The perfect gluten-free diet does not exist

Even when you follow a strict gluten-free diet, you eat between 150 milligrams and 400 milligrams of gluten every day: that’s the conclusion of a recent study published in the American Journal of Clinical Nutrition.

Gluten intolerance (also known as “celiac disease”) is a digestive disease that causes destruction of villi in the small intestine, disrupting the absorption of nutrients including iron and calcium. There is only one treatment currently known: the establishment of a strict gluten-free diet for life.

Celiac disease affects 1% of the world’s population, especially in the United States and Europe, where 1 in 100 people may develop the disease in their lifetime.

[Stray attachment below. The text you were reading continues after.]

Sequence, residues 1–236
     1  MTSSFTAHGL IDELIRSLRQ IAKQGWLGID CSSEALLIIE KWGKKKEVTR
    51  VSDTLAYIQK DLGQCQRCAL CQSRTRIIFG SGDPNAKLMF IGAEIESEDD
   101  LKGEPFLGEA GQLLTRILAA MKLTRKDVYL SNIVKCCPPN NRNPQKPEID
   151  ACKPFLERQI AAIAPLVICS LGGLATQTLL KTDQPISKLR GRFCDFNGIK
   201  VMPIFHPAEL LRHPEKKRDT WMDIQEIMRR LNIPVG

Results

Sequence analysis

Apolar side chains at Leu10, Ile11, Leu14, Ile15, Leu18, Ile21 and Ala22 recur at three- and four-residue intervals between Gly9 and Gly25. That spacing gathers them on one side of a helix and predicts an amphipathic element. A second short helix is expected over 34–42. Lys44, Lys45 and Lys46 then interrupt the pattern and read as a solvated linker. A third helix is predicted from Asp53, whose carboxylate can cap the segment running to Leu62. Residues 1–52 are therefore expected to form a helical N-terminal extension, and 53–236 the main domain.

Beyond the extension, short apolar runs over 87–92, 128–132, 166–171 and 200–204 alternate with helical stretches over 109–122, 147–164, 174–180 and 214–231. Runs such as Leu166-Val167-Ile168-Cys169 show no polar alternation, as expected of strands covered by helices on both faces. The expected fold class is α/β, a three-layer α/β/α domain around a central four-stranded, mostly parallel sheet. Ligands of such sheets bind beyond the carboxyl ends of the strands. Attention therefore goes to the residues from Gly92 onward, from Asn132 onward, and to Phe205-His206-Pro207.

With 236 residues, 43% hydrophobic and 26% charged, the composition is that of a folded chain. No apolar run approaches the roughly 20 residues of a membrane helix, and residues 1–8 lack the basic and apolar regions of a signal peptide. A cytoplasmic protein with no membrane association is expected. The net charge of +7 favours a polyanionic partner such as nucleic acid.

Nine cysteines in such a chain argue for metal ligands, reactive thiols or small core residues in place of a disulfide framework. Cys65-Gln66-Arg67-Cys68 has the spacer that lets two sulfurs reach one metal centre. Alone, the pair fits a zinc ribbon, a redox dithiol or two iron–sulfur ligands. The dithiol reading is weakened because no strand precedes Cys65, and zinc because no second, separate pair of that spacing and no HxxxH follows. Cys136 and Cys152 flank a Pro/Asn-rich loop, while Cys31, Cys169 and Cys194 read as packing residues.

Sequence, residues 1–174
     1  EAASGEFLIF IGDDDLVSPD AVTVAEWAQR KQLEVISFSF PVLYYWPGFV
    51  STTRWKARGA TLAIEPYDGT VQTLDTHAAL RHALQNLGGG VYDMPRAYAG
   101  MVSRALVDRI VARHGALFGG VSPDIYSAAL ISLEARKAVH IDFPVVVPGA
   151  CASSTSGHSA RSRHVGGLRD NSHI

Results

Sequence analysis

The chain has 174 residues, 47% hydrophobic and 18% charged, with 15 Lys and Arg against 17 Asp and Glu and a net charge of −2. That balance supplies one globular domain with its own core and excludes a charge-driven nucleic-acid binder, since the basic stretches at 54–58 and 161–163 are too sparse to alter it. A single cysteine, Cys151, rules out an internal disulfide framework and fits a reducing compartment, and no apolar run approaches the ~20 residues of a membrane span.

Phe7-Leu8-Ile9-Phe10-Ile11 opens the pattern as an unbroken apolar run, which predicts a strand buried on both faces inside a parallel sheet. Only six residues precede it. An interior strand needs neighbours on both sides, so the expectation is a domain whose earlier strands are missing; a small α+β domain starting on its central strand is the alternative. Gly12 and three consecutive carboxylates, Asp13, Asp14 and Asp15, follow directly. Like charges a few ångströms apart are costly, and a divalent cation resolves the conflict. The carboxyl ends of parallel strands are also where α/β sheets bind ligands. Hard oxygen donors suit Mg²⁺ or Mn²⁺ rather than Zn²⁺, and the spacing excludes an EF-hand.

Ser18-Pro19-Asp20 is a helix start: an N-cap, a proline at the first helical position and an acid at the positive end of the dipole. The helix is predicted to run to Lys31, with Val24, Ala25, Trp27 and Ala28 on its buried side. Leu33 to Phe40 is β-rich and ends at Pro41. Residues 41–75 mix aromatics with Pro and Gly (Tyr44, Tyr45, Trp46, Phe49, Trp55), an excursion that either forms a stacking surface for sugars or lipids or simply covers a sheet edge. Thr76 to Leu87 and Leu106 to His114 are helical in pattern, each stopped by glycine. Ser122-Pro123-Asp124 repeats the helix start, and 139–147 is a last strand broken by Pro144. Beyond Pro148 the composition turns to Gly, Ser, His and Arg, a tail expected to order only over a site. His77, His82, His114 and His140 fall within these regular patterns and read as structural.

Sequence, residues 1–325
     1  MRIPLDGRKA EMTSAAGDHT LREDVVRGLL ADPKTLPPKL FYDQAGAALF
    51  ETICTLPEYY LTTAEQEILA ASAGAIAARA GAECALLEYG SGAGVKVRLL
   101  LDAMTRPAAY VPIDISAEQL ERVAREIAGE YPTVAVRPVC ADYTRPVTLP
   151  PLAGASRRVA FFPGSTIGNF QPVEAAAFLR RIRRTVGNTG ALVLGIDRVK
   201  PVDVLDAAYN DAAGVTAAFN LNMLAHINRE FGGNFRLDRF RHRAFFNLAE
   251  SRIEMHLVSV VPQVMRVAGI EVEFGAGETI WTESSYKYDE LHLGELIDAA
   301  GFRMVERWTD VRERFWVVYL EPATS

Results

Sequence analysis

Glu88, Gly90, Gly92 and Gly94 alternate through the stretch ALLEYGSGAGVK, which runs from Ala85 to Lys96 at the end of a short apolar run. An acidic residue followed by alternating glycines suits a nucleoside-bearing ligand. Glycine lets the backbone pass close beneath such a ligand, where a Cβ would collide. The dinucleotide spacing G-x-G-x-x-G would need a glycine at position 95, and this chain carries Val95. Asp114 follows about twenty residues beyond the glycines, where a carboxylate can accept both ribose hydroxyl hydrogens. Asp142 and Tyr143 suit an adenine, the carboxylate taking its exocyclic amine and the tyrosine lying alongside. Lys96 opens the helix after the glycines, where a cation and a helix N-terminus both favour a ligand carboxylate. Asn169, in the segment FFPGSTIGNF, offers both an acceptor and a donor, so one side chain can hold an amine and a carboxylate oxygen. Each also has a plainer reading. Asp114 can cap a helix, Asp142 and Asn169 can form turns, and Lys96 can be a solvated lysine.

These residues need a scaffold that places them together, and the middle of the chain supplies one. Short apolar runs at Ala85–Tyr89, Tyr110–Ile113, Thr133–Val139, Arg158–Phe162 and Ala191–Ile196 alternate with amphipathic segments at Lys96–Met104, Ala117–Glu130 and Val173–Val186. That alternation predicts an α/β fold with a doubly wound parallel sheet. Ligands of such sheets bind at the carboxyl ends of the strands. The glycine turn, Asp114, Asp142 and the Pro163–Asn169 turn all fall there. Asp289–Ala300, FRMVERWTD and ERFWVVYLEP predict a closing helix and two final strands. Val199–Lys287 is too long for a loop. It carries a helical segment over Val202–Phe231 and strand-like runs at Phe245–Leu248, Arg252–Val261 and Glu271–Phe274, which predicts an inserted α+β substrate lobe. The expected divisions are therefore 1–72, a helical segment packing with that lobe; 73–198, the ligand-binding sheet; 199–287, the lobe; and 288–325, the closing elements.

But there is bad news for people suffering from the disease: according to a recent study by American and Spanish researchers, the “perfect” gluten-free diet… does not exist.

By analyzing urine and stool samples from people suffering from celiac disease and being forced into a strictly gluten-free diet, scientists have discovered that they still consume between 150 milligrams and 400 milligrams of gluten per day without their knowledge.

Where does this gluten come from? The researchers — who published their work in the American Journal of Clinical Nutrition — do not have the answer to this question. However, this unintentional ingestion probably reinforces the symptoms of celiac disease.

Emy Torres

Emy holds a degree in Political Science from the University of Michigan and currently freelances part-time for The Talking Democrat.